One thing more. A church is really worth nothing at all if it does not try to extend itself, and a church in a house is no true church if it be satisfied without endeavoring to bring in every member of the family. If you have half a dozen converted, and there are seven of you, never leave off praying till you have the seventh; and if, in God’s mercy, he has given you ten out of eleven, there are ten reasons why you should be in earnest for the conversion of the eleventh. Plead with the Master till your little church shall have swallowed up the whole of your congregation. A happy day will it be for us when the church in the Tabernacle fills every pew; but you may come at your results sooner than we can come at ours; may the day soon come when the church in your house shall include every person in the family, not one being left out! What a happy world it would be if there were such a church in every house! It would be heaven begun below! The angels might then mistake earth for heaven, and linger so long that they would need to be recalled to Paradise, making the mistake that they were! in Paradise already. Oh! may we live to see the day when, walking down a street in London, we shall hear, at the appointed hour in every house, the song of praise, and know that no door will be locked for the night till first the Lord has been asked to keep watch and ward over the slumbering household.

II. Having thus described a church in a house, I propose what I cannot often accomplish among you, though I wish I could, and that, is, TO PAY YOU A PASTORAL VISIT.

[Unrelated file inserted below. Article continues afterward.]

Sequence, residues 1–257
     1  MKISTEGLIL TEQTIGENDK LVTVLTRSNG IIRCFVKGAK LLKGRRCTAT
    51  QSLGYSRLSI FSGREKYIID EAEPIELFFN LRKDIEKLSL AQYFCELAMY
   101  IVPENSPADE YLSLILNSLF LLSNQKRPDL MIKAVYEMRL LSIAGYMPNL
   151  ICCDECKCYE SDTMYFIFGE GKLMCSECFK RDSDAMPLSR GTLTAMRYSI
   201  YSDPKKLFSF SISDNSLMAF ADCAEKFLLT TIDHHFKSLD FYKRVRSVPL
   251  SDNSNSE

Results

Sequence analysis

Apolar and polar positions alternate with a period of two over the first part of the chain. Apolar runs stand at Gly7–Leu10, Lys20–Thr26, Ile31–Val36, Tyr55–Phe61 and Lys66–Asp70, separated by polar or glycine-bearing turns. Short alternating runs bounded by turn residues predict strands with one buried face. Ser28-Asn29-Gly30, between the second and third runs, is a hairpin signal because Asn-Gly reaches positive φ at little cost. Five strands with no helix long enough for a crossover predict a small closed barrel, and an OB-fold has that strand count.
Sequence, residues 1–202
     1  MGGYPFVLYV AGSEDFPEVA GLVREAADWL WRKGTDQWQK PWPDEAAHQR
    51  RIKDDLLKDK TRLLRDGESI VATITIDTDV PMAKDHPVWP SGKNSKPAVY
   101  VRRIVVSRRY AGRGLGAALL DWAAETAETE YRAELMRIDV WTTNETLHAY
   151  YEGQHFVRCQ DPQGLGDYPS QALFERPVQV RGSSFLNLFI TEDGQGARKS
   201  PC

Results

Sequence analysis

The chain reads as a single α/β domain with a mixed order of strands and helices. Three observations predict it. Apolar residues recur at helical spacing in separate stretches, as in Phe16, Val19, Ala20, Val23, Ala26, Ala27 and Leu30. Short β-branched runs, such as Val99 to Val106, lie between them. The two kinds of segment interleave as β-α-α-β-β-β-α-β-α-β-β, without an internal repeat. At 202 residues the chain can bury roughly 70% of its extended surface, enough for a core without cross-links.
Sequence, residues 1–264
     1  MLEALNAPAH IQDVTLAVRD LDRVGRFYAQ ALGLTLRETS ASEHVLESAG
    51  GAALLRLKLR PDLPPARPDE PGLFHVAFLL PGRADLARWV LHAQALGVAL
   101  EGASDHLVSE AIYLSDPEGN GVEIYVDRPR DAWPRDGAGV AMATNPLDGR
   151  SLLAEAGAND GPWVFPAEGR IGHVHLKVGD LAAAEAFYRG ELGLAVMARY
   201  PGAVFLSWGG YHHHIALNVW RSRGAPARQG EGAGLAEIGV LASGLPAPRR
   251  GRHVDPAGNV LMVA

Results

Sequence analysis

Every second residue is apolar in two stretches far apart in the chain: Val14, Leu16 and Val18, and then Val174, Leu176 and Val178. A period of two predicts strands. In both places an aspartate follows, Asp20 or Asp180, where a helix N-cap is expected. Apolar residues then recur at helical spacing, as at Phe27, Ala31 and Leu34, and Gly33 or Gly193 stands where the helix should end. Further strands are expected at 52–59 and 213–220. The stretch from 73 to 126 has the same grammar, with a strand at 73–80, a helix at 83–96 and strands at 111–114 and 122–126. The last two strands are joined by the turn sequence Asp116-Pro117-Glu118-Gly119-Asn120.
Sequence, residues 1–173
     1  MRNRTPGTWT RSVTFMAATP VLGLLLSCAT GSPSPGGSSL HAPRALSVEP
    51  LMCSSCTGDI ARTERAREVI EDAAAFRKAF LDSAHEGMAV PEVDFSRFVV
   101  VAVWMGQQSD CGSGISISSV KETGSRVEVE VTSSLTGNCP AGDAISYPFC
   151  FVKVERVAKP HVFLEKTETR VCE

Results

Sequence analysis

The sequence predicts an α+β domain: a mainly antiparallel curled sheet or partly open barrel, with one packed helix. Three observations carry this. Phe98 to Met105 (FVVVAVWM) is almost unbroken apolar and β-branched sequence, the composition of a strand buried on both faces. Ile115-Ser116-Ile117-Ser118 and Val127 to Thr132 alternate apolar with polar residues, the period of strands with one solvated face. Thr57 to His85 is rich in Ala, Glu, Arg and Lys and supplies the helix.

I am going to knock at your door, take a chair, and sit down, and ask you a few simple questions. The first is, Have you a church in your house? “No,” says one; “I am the only converted one in the house.” Ah, dear friend! I can understand the difficulty of your position; but I can also rejoice in the hopefulness of your being there, trusting that it, is a token for good to the house. Now that the Lord has sent one spark of fire there, may there soon be a flame! “Well,” says another, “we have several Christians in our house, but I cannot say that there is a church there.” I like your honesty, my friend; but may I tell you what I suspect is the reason why there are so many houses that have Christians in them, but no churches? It often is because those Christians are inconsistent. Why, if some of you were not professors of religion, you would be very decent sort of people; but being professors, the way in which you act and speak is detestable. You may think this strong language; but I know it is true. There are some families where the father, instead of exhibiting the gentleness and kindness of a Christian, well-nigh scares the children from the very thought of godliness. There are some households where the wife is a gadding busybody, whose slovenliness and dirt might well disgust her husband at the very thought of going to the house of prayer. There are some children professing godliness, who have not yet learned the commandment which tells them to obey their parents; and there are some professedly Christian servants who are eyeservers, not remembering what Paul has said to such. One of the worst evils we have to deal with, as Christians, is the evil of inconsistency at home. Whenever I see a professed Christian walking among his household as though he were a tyrant, letting no one come near him, without affection or kindness, and simply a domineering master, I ask,-Where is the grace of God in that man? and I ask the same question with respect to other faults. O beloved, do make your households happy! You cannot make them holy if you do not shine with genial cheerfulness. And you Christian people in households, do seek so to act that you may not be a disgrace to your profession, but may form a true church in the house where you dwell together.